The Apache Project is a collaborative software development effort aimed at creating a robust,
commercial-grade, featureful, and freely-available source code implementation of an HTTP (Web)
server. The project is jointly managed by a group of volunteers located around the world, using
the Internet and the Web to communicate, plan, and develop the server and its related documentation.
These volunteers are known as the Apache Group. In addition, hundreds of users have contributed
ideas, code, and documentation to the project. This file is intended to briefly describe the history
of the Apache Group, recognize the many contributors, and explain how you can join the fun too.
In February of 1995, the most popular server software on the Web was the public domain HTTP
daemon developed by Rob McCool at the National Center for Supercomputing Applications, University
of Illinois, Urbana-Champaign. However, development of that httpd had stalled after Rob left NCSA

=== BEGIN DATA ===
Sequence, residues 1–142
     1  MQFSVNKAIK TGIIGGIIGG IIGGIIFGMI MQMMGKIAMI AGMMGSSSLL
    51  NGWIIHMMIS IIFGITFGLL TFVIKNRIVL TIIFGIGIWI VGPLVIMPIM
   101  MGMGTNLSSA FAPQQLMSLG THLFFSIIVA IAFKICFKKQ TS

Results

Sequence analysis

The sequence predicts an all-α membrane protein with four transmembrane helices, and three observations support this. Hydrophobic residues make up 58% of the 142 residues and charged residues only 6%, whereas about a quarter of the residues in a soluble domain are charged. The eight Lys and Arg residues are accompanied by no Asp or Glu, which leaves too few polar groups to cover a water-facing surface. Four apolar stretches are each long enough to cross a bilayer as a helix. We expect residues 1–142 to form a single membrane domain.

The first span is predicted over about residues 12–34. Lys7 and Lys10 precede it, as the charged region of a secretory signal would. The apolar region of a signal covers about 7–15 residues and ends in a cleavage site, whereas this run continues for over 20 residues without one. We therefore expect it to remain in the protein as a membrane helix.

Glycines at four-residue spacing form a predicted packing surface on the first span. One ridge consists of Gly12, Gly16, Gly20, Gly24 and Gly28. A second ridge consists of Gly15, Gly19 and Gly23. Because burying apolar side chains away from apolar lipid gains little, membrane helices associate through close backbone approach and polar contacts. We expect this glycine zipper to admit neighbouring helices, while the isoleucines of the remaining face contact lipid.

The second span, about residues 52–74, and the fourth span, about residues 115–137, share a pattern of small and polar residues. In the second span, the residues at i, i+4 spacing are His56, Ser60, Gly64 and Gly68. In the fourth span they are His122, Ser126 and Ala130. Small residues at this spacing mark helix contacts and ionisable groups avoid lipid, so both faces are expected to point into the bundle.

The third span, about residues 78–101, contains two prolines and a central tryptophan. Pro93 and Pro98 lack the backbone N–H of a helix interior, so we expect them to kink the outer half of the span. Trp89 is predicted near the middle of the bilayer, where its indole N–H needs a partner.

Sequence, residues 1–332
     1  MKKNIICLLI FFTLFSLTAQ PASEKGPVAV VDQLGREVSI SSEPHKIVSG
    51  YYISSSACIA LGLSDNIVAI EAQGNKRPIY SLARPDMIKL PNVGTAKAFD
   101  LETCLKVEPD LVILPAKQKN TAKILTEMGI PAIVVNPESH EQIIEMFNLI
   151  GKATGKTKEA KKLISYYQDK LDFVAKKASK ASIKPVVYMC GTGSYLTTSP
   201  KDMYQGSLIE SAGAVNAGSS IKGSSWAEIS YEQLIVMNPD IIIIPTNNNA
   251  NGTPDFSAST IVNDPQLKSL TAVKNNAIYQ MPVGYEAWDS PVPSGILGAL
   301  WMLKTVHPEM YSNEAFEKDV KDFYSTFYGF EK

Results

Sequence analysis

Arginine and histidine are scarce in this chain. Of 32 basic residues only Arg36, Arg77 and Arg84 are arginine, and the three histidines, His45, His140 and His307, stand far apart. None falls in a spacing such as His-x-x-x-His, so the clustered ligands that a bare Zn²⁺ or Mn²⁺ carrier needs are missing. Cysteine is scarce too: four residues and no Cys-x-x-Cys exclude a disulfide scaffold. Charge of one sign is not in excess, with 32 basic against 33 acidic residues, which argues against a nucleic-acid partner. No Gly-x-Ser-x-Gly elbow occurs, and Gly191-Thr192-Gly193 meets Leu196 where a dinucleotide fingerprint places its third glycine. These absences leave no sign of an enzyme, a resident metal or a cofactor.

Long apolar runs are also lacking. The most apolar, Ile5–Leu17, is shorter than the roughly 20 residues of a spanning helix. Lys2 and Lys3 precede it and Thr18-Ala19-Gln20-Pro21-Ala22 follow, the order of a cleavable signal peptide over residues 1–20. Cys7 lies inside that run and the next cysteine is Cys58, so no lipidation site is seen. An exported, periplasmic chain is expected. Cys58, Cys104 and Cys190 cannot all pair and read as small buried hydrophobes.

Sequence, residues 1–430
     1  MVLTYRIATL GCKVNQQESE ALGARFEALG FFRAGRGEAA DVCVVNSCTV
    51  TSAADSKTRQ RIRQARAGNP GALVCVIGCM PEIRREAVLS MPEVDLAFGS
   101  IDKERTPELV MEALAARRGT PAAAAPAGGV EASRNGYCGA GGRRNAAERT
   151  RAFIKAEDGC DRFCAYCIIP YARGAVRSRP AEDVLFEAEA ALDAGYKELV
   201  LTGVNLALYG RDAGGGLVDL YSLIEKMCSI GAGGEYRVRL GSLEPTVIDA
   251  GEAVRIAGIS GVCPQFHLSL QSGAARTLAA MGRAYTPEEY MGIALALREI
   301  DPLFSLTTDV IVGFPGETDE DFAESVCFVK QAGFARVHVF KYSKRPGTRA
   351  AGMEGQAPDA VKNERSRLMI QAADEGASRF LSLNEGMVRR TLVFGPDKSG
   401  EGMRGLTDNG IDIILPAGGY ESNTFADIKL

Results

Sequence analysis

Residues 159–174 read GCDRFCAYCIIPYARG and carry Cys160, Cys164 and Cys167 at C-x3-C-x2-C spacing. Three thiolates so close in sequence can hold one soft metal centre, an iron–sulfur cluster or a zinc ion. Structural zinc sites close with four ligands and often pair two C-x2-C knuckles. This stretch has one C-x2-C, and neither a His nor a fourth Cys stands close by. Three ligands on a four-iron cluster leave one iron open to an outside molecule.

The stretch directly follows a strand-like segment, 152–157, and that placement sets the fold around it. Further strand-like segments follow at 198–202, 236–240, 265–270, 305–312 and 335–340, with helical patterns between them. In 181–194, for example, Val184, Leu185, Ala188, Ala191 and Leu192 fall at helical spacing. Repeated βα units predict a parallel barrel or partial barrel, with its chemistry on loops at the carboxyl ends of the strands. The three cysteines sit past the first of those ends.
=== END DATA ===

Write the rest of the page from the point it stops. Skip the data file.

in mid-1994, and many webmasters had developed their own extensions and bug fixes that were in
need of a common distribution. A small group of these webmasters, contacted via private e-mail,
gathered together for the purpose of coordinating their changes (in the form of "patches"). Brian
Behlendorf and Cliff Skolnick put together a mailing list, shared information space, and logins for the
core developers on a machine in the California Bay Area, with bandwidth and diskspace donated by
HotWired and Organic Online. By the end of February, eight core contributors formed the foundation
of the original Apache Group.